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Curt Schilling personally sued? Yep, the former ace pitcher has been sued for $2.4 million by Citizens Bank over a video game loan.
As you may have heard, Curt Schilling's dip into the video game market has not been very successful. His company, 38 Studios LLC, filed for bankruptcy protection last week.
But while creditors of the company may be out of luck, creditors of Schilling personally, may still be able to get its money back.
It was revealed last week that the troubled 38 Studios was more than $150 million in debt, with only $22 million in assets, reports The Boston Globe. By filing for Chapter 7 bankruptcy, the company will likely unwind and its assets distributed among the remaining creditors with the remaining debt discharged. This means that the majority of lenders to 38 Studios will get very little (if anything) back from their loans.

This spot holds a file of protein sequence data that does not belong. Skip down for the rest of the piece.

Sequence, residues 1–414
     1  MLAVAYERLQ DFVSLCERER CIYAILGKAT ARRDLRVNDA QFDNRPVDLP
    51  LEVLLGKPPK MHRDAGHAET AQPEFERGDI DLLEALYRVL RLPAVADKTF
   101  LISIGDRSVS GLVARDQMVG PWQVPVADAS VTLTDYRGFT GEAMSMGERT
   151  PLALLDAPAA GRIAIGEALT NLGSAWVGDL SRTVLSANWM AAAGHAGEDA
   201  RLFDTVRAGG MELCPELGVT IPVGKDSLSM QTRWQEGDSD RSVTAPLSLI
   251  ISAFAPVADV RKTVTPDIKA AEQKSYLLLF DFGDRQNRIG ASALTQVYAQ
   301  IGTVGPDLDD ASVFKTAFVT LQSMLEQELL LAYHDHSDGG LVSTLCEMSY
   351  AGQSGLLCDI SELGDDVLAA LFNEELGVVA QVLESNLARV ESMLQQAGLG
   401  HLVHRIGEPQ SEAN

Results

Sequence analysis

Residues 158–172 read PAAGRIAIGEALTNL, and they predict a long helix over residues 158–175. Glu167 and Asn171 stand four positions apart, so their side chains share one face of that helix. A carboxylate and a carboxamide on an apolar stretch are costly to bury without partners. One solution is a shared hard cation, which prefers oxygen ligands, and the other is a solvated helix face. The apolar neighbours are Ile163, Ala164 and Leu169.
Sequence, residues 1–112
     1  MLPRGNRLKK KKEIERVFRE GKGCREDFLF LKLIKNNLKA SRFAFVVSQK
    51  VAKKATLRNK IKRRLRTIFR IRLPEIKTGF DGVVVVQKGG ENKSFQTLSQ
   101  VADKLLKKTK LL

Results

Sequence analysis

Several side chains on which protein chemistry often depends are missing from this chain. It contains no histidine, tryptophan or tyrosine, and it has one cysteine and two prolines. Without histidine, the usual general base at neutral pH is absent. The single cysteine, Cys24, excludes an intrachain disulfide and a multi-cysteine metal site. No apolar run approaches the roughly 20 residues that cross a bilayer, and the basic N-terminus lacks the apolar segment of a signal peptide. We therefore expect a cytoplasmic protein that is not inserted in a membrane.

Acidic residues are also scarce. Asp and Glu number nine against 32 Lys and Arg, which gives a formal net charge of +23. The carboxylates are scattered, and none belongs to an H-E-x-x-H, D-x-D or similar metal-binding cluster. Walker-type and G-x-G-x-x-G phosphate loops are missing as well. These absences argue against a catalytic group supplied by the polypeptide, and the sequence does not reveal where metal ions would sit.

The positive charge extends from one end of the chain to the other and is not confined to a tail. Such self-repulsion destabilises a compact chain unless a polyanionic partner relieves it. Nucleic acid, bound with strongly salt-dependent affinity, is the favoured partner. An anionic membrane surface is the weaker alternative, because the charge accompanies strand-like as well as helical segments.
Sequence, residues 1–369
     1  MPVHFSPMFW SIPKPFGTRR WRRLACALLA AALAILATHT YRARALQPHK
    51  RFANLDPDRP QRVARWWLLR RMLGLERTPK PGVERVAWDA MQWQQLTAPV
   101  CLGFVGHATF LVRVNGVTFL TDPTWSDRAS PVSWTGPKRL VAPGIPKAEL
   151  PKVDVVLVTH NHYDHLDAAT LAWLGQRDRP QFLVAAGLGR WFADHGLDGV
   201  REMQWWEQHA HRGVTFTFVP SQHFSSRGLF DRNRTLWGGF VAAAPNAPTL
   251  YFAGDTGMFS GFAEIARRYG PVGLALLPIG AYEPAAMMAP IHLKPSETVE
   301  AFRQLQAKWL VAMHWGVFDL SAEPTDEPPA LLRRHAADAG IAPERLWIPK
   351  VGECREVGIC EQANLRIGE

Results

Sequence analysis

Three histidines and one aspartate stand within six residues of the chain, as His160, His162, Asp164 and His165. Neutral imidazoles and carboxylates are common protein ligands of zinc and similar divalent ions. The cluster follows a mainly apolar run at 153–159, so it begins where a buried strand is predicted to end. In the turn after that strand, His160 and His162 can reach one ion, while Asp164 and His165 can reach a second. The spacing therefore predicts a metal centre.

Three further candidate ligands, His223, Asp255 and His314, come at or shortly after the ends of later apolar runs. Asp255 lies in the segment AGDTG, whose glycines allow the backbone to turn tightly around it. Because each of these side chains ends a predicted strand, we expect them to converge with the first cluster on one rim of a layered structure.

However, not wanting to lose its money, Citizens Bank sued Curt Schilling himself in an effort to recover its $2.4 million loan, reports the Globe. To sue Schilling and not the company, the bank argues that Schilling personally guaranteed the debt. So, the loan was a debt to Curt Schilling and not 38 Studios, and 38 Studios filing Chapter 7 bankruptcy would be irrelevant to the bank collecting its debt from Schilling.
It's not clear how Schilling personally guaranteed the loan to Citizens Bank, but in other cases, it was reported that he personally backed loans for his video game company by using his gold coin collection.
Curt Schilling sued personally for $2.4 million is certainly one way to try to get the money back. But to recover the debt, Citizens Bank will have to show that the former Boston Red Sox pitcher is personally responsible for the loan, and not his failed company 38 Studios LLC.